Chronic reactions are a little easier to manage in that they don’t usually end up as an emergency situation (with the exception of a child who might get dehydrated from constant diarrhea). However, ask any mom that deals with blowout diarrhea that lasts for days and even weeks on end, and I can almost guarantee they won’t tell you that it’s easy. There are other symptoms that go with chronic reactions like raw diaper rash that just won’t go away, losing other safe foods, and lots of screaming in pain. All of this combined can be a nightmare to keep pushing through. And that is the bugger of chronic reactions, there’s not a lot you can do for it except treat the symptoms and ride it out.
For chronic reactions, if things don’t start to get better within a couple of weeks, or if symptoms start to get worse, you may start looking at other foods that your child is eating that are presumed to be safe. It’s not uncommon for a child to lose safe foods after having a big reaction, and we found that there were many times where I thought my son was having a chronic reaction that just wouldn’t end, only to find out that there was actually another food he was eating that was still making him sick.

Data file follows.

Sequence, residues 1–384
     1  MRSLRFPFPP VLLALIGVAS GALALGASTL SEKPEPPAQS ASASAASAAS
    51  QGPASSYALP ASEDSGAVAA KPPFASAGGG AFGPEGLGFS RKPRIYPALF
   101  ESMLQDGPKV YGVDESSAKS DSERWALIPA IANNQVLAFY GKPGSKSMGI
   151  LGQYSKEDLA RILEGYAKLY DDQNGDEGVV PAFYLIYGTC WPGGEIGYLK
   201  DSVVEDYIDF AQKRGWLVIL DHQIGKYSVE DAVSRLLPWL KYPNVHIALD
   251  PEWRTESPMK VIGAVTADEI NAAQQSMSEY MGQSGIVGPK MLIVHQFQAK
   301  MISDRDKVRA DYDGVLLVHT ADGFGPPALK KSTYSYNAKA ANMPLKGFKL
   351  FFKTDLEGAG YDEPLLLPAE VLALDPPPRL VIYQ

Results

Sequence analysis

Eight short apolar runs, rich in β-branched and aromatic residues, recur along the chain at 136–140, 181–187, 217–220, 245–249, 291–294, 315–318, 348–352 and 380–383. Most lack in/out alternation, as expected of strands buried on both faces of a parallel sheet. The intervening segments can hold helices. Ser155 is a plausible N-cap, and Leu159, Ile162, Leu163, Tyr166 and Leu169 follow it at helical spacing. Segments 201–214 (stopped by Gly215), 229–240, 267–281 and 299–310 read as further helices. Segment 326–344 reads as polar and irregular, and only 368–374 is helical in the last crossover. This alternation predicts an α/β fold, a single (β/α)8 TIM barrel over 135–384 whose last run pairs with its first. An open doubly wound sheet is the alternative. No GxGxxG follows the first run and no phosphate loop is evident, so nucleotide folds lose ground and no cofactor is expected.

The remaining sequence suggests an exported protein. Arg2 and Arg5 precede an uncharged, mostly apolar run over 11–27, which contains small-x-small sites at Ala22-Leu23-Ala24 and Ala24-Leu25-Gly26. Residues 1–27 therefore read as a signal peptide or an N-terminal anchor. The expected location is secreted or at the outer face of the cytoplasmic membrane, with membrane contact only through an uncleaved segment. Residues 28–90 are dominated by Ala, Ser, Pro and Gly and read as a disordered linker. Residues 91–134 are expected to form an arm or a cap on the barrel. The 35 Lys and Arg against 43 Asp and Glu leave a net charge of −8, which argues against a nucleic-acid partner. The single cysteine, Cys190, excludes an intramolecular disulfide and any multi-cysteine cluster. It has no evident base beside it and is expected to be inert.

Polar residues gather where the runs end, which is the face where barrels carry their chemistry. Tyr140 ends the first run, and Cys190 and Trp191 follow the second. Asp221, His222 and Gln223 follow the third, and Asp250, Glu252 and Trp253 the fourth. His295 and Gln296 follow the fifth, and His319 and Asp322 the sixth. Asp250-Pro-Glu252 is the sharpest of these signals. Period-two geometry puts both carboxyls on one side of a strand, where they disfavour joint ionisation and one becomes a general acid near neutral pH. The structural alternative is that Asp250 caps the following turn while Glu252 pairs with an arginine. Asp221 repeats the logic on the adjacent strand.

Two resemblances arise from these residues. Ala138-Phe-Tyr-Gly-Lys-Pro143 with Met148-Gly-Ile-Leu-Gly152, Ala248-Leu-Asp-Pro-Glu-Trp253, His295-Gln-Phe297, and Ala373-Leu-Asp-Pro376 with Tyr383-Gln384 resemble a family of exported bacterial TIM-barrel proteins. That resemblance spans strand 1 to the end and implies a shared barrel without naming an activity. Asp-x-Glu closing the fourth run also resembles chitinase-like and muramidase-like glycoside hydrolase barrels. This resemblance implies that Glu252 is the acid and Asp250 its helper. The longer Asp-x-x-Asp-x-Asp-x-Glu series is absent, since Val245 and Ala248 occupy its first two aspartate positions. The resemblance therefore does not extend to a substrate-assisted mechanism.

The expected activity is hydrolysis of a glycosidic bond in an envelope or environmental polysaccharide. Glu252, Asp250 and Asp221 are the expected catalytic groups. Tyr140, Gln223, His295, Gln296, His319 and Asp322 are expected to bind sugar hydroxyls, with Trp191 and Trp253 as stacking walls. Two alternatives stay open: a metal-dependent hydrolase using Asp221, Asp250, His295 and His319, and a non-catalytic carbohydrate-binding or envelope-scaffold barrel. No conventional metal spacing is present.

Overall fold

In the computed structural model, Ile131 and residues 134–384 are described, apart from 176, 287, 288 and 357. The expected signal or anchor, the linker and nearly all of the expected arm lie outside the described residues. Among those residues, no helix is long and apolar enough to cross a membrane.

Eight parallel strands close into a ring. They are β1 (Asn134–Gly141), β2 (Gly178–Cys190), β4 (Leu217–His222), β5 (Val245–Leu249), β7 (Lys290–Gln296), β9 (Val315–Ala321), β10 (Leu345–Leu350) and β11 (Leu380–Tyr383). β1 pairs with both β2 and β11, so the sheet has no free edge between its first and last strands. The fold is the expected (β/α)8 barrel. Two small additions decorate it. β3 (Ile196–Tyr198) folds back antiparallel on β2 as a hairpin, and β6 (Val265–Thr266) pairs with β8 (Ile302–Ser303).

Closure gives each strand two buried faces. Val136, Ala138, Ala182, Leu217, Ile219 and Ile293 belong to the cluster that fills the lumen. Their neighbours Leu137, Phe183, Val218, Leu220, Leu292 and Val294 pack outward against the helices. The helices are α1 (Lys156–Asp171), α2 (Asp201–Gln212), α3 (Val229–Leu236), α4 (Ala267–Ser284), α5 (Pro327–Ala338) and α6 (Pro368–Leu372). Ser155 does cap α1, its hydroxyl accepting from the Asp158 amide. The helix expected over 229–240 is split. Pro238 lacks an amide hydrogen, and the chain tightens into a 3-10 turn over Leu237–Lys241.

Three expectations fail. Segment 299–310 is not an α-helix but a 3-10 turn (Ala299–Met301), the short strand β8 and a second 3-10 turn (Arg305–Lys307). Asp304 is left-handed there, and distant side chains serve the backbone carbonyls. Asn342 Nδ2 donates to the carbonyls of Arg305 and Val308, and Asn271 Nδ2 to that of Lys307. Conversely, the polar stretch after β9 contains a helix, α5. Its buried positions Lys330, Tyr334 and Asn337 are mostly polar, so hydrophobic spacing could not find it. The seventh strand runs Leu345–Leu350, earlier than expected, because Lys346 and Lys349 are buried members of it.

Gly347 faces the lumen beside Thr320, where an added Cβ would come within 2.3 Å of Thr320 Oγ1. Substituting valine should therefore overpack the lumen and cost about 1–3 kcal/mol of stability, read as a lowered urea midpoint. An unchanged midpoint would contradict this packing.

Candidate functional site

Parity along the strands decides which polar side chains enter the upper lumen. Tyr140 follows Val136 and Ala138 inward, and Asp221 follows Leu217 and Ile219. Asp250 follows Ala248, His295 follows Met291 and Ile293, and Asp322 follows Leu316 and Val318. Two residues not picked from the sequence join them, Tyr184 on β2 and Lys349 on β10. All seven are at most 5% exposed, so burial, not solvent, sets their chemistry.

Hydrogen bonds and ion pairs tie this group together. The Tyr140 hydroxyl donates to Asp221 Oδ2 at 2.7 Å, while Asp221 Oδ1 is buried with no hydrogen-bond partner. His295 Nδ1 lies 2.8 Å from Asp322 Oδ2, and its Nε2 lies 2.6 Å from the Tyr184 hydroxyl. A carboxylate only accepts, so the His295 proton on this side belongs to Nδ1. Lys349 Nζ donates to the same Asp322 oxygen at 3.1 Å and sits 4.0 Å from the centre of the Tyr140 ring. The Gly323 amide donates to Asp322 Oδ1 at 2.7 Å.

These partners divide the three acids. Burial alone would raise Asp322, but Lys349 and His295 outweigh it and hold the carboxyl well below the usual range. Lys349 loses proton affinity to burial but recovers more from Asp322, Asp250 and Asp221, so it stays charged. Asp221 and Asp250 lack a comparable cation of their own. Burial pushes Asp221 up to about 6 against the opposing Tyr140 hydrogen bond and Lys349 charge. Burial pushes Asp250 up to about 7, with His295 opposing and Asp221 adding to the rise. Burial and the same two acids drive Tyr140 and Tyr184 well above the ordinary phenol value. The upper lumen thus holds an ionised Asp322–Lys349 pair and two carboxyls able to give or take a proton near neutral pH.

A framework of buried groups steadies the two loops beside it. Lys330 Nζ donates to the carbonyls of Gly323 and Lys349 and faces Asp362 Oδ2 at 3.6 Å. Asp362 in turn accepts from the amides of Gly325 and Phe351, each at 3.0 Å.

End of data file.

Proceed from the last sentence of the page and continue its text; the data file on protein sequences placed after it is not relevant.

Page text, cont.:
Can a child have both acute and chronic reactions?
The short answer is yes. Unfortunately, it’s pretty common to have a child that reacts to more than one food, although they may have fewer acute triggers than chronic triggers. One of my kids had no acute reactions at all and still has an FPIES diagnosis, while my other child had both types of reactions.
I’ve even heard of families that have had reactions to the same food change over time from chronic reactions to acute reactions.
How can I help my baby in the meantime?
Reactions can be scary, especially when they start violently out of nowhere. As a parent, there is nothing worse than watching your child sick and in pain, with nothing you can do to help except ride it out and wait for it to be over. There are some things that parents can do to help their child in the meantime while they are waiting for a reaction to blow over.